To improve this cycle, stop viewing emotional pain as a punishment inflicted by someone else. Instead, learn to act on it as an internal motivation to heal, correct, and improve. This leads to deeper self-compassion and puts you more in touch with your deepest values, which will inspire more compassion for one another. You can love without hurt, but only if you use pain as a signal to heal and improve, rather than punish.

What is The Factor in Sexual Orientation and Attraction

images-6When asked about sexual orientation, a person typically will respond with thegender of their preferred sexual partner. Is it a same-sex partner, an opposite-sex one, or both? In a paper published August 22, 2016, in the Archives of Sexual Behavior, Michael Seto writes that the age of one’s sexual partner may be as stable an element of sexual orientation as gender.

GLAAD defines sexual orientation as “the scientifically accurate term for an individual’s enduring physical, romantic and/or emotional attraction to members of the same and/or opposite sex, including lesbian, gay, bisexual and heterosexual (straight) orientations.” In this definition, gender is the sole criterion to establish sexual orientation.  But Seto seeks to define sexual orientation more broadly, including “a stable tendency to preferentially orient—in terms of attention, interest, attraction, and genital arousal—to particular classes of sexual stimuli.” He emphasizes classes of stimuli that include age, rather than gender alone. He uses the term chronophilia to describe a preferential treatment of certain age categories.

Much of Seto’s previous work has been on the forensic study of pedophilia, but in this paper he broadens his discussion to other age preferences. His research focuses on men because, as he says, there is almost no research on chronophilias in women. In addressing age, he does not limit age to the chronological age but includes physical and sexual maturity. Sexual age, then, is reflected in body size and shape, secondary sexual characteristics, and other visible signs of age such as wrinkled skin and white hair. Seto also incorporates psychological features of maturity such as intelligence, kindness and an agreeable sense of humor.

Seto argues that “we have an incomplete understanding of how human sexuality is oriented if we focus only on gender as the important dimension.”

How often does age factor into sexual attraction? The default position when considering sexual attraction is typically two sexually mature, young adults, engaged is conventional sexual activities, the most common representation of sexual activities fed to audiences in movies and television, but a study ofpornography gives us a window into the hidden world of sexual desire and sexual fantasy.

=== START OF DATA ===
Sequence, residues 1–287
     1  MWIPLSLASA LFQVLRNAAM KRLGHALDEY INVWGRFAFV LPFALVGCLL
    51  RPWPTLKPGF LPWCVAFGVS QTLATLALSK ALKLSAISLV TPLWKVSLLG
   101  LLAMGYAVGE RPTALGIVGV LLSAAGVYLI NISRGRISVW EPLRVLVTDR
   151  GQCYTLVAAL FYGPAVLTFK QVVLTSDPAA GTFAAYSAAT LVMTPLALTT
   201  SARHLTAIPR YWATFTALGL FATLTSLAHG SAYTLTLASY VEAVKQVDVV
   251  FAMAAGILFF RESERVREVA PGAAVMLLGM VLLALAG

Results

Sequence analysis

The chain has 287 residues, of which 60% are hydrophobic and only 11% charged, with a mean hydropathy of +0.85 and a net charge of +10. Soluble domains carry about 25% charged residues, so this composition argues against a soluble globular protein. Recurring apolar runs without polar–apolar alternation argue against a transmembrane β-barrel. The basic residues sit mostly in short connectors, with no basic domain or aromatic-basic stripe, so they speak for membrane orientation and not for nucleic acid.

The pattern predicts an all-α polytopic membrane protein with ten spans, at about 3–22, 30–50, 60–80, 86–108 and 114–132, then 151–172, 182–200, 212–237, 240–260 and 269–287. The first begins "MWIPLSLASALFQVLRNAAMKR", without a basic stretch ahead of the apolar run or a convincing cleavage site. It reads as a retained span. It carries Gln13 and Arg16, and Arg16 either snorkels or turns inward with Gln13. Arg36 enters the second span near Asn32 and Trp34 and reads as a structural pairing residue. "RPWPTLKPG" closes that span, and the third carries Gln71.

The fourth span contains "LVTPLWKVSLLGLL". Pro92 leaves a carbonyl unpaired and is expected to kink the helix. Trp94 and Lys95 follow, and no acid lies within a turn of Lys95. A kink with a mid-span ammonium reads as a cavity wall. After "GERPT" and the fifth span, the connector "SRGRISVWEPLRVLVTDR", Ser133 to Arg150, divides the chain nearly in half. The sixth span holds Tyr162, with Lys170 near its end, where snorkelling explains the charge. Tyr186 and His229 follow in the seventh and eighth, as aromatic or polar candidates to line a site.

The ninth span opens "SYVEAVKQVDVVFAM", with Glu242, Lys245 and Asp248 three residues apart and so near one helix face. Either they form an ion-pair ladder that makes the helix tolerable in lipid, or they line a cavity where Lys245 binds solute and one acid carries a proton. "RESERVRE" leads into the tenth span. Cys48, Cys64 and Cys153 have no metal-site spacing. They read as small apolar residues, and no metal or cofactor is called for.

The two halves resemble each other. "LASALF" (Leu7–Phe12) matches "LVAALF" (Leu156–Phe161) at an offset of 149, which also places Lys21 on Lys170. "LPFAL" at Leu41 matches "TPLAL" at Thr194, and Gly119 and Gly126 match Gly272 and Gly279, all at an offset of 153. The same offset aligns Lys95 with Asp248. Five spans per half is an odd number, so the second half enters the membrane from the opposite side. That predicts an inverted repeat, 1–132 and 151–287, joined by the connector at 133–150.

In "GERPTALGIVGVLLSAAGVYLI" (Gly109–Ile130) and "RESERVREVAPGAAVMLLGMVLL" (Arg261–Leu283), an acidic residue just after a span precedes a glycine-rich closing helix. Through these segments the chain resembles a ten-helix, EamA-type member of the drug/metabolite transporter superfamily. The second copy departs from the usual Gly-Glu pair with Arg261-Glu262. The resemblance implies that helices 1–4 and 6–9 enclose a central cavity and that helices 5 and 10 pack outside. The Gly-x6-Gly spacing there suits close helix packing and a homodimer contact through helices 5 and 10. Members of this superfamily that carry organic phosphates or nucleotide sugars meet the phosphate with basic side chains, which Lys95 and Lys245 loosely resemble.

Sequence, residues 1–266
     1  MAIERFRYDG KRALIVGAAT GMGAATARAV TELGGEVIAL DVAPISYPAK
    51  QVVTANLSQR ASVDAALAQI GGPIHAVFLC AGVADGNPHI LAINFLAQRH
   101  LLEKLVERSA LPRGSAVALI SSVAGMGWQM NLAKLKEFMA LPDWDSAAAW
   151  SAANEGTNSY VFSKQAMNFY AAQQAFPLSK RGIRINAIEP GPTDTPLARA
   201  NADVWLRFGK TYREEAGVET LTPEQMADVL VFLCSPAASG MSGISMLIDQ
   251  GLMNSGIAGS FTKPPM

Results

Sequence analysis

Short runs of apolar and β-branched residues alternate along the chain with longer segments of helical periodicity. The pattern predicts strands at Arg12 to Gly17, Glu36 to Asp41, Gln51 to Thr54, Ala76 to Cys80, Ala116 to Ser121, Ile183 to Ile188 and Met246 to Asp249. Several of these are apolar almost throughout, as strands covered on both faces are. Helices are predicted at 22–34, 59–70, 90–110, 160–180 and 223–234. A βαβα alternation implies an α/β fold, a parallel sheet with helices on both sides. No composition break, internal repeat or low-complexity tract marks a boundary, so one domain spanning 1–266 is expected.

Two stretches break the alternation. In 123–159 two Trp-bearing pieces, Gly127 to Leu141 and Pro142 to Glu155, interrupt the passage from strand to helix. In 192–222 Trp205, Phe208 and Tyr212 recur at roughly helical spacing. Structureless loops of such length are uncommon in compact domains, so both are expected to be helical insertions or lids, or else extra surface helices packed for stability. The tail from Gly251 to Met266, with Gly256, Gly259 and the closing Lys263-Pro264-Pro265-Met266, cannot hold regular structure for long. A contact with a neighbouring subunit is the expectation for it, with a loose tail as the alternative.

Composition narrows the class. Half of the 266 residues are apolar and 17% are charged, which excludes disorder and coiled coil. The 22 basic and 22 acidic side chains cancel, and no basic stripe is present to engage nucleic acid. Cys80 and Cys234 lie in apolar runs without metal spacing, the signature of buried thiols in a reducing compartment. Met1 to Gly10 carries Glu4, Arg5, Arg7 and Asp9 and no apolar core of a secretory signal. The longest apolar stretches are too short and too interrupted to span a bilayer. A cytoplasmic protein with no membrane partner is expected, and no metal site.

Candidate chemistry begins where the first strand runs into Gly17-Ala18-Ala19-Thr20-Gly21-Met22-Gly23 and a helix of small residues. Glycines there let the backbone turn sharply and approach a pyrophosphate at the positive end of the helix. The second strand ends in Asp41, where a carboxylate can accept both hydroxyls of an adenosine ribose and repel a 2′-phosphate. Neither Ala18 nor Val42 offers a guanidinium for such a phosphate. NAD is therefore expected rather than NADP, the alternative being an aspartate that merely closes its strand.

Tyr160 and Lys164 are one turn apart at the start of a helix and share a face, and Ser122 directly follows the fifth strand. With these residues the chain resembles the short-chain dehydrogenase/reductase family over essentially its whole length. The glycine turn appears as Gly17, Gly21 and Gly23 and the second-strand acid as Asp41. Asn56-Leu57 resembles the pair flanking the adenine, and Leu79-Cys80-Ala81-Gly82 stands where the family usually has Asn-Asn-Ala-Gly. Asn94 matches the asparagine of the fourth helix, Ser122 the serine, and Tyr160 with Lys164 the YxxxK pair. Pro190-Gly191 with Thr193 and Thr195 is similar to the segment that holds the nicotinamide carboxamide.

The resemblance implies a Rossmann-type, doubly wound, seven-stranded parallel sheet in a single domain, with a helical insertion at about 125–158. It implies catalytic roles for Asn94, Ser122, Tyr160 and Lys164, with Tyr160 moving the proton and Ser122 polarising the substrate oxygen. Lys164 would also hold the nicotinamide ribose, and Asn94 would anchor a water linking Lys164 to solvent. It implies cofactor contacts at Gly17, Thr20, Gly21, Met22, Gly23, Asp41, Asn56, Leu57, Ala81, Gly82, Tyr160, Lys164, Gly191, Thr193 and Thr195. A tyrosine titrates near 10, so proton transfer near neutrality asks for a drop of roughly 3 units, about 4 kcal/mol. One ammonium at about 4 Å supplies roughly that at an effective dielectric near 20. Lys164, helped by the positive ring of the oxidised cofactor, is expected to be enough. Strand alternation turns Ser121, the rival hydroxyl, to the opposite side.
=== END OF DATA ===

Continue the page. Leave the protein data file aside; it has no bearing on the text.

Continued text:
Attraction to an older man or woman is common enough for the Urban Dictionary to have an entry for DILF (Dads I’d like to f***)–a crude but specific term–and a Google search for DILF turns up nearly 1.7 million hits. Sites included heterosexual, homosexual, and bisexual references. If you wish to filter your search, Google recommends searching for naked DILF, gay DILF, black DILF and monster DILF. “Tumblr” has categories for dream daddies, hot daddies, and bear daddies. “Silver Daddies,” one of the largest chat sites for intergenerational gay relationships posts over 155,000 profiles from a wide variety of countries and cultures.

The most studied aspect of sexual orientation is gender with age being the second most studied, but age has been studied almost exclusively in the context of pedophilia, and most research on gay men has centered on young, urban men. Huge gaps exist in our knowledge of maturity as it relates to sexual orientation. Seto writes, “I am not aware of any empirical research on individuals attracted to middle-age [or older] persons.”

Seto focuses on four features of sexual orientation—age of onset, neurobiological correlates, association with romantic and sexual behavior, and stability over time.

In researching Finally Out: Letting Go of Living Straight, a Psychiatrist’s Own Story, I had the opportunity to interview a large number of younger gay men in intergenerational relationships, and I found some common themes:

  • A large majority–if not most–of them believed they have always been attracted to someone fifteen to twenty years older or more, and as they age, that age difference in their attraction persists.
  • Many were or had been in enduring relationships, and frequently as the older man has grown frail, the younger partner had become the primary care provider.
  • Demands are often made of the younger man to explain his attraction to an older man, even though he doesn’t understand it himself; older men were rarely asked to defend their choice.
  • The younger man often explains his attraction with words like wisdom, experience, sensitivity, a life well-lived, but the attraction was clearly very erotic as well.
  • Most resent any implication that their relationship is based on a wish to exploit the older partner, e.g. “a sugar daddy.”
  • Although these younger men often questioned if their relationship with their father was responsible for their attraction, they were about equally split between those who had a good relationship with their father and those with a bad or no relationship.